British pomp on show as Turkey's Gul starts state visit
Turkish President Abdullah Gul was welcomed to Britain by Queen Elizabeth II on Tuesday at the start of a three-day state visit aimed at forging closer links with Turkey's emerging economy.
The two heads of state shook hands warmly as the hosts laid on the traditional pomp in a central London ceremony, with a 41-gun royal salute fired and Gul inspecting lines of Coldstream Guards in their grey greatcoats.
Britain hopes the visit will forge stronger ties with Turkey, a growing economic power and an increasingly important trade partner straddling Europe and the Middle East.
Gul was to attend a state banquet after meeting political leaders on Tuesday, while on Wednesday he will deliver a foreign policy speech about the Arab Spring which is expected to touch on Turkey's strained relations with Syria.
He will also tour the Olympic Park in east London and visit parliament.
The queen and the president made their way to Buckingham Palace in horse-drawn carriages, joined by a mounted cavalry escort.
Gul was accompanied by wife Hayrunisa, who wore a dove-grey outfit, headscarf and a pair of ankle boots with impressive six-inch (15-centimetre) heels.
After lunch at the palace, Gul visited Prime Minister David Cameron for talks at his Downing Street office.
On arrival, Gul bounded up to greet Cameron on the steps. The president then took off his winter coat before the pair posed for pictures in front of the famous black door of number 10.
The pair discussed Turkey's EU membership negotiations, particularly the thorny issue of Cyprus, and also recent developments in the Arab world, according to the president.
Gul said the visit demonstrated a "Golden Age of Turkish-British relations," while Cameron revealed that the duo had discussed the "real possibility" of Syria sliding towards "full-scale civil war."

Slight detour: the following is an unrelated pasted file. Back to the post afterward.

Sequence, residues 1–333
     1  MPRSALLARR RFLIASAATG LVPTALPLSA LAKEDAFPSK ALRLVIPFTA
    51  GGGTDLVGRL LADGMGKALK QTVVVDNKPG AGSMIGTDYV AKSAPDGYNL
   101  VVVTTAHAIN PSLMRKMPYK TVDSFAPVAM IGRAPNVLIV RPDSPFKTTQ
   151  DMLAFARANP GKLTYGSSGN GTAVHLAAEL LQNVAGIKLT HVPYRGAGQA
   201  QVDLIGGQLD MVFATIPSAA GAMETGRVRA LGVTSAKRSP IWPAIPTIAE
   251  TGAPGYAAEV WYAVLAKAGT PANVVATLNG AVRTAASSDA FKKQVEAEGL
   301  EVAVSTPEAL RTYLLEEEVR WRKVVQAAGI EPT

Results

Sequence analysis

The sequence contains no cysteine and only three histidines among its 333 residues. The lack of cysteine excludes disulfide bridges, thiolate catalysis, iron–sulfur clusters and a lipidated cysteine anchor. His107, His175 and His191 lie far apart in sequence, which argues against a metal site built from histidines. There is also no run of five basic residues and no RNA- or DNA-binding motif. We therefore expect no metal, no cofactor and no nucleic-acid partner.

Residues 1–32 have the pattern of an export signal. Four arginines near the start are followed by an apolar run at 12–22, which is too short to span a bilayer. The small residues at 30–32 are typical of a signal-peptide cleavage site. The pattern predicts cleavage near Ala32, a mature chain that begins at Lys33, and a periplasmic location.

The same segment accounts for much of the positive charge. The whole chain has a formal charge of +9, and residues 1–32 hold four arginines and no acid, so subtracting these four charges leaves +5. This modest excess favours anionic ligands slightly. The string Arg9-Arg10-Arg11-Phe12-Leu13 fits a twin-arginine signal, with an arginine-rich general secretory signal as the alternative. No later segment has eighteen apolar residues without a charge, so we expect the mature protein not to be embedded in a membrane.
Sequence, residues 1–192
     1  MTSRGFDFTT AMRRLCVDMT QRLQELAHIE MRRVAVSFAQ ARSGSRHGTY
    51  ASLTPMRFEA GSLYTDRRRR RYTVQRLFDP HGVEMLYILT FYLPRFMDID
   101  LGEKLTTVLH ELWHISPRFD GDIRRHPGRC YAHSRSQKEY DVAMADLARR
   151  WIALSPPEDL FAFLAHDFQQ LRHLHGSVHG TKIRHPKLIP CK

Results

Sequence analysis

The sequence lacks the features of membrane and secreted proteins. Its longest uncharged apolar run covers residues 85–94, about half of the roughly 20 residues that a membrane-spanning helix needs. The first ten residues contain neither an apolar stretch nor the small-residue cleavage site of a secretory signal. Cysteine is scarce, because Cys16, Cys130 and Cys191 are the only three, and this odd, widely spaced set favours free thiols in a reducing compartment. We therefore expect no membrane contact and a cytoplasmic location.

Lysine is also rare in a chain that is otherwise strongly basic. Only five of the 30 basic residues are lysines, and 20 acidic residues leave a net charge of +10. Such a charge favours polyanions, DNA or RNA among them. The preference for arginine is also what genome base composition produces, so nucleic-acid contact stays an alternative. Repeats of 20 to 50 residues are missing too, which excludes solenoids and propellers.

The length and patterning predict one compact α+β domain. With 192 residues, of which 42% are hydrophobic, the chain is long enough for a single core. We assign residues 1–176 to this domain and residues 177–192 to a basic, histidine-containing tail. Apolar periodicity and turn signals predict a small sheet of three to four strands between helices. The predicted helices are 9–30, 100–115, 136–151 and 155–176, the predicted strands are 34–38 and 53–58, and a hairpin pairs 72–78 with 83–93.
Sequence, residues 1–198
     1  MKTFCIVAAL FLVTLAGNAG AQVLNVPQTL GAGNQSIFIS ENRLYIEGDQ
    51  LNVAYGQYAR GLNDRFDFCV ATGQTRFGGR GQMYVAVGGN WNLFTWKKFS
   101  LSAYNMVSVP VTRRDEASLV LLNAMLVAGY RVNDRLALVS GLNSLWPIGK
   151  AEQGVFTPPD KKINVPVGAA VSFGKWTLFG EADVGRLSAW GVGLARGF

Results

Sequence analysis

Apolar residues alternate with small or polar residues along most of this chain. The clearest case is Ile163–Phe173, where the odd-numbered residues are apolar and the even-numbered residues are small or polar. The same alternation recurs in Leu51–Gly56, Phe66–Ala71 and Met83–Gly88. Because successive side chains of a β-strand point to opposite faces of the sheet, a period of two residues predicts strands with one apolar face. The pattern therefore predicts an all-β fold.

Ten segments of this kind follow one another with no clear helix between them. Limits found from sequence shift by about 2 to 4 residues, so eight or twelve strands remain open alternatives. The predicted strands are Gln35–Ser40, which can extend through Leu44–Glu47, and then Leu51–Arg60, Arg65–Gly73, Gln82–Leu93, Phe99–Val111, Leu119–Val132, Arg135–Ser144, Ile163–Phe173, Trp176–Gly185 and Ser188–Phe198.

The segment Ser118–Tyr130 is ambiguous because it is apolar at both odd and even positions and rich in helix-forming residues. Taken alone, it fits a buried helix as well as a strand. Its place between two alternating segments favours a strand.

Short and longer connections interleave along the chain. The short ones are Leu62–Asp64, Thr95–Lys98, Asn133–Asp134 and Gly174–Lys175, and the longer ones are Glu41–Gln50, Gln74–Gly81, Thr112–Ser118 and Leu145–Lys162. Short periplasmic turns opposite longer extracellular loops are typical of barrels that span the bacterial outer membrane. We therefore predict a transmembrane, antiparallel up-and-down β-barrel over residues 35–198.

Ankara has taken a hard line on Syria amid the regime's crackdown on protesters, while Iran is at loggerheads with much of the international community over its nuclear ambitions.
Turkish Prime Minister Recep Tayyip Erdogan urged Syrian President Bashar al-Assad on Tuesday to step down, branding him a coward and warning that he risked the same fate of dictators who met bloody deaths.
Gul said Monday that Assad has reached a "dead end" but that only internal forces could bring about change.
Cameron reassured Gul that Britain remained strongly supportive of Turkey's European Union membership bid, which is opposed by EU heavyweight Germany.
"Those who can think 30 years, 60 years ahead, and who can think about the changing trends in the economy and the changing centres of power, can understand how much strength Turkey can bring to the existing strength of Europe," Gul told The Sunday Telegraph newspaper.
The president said that Turkey, with its resources and size, could be an "engine" of growth in the EU.
The last state visit to Britain by a Turkish president was made by Kenan Evren in July 1988.
Queen Elizabeth paid a state visit to Turkey in May 2008, less than six months after Prince Charles, her eldest son and the heir to the throne, toured the republic.
After lunch, Queen Elizabeth and her husband Prince Philip showed Gul and his wife around an exhibition of artefacts from the Royal Collection illustrating Britain's relationship with Turkey.
They included the white table linen given to the monarch by Turkey to celebrate her marriage in 1947.
"That was our wedding present," she told Gul.
© 2011 AFP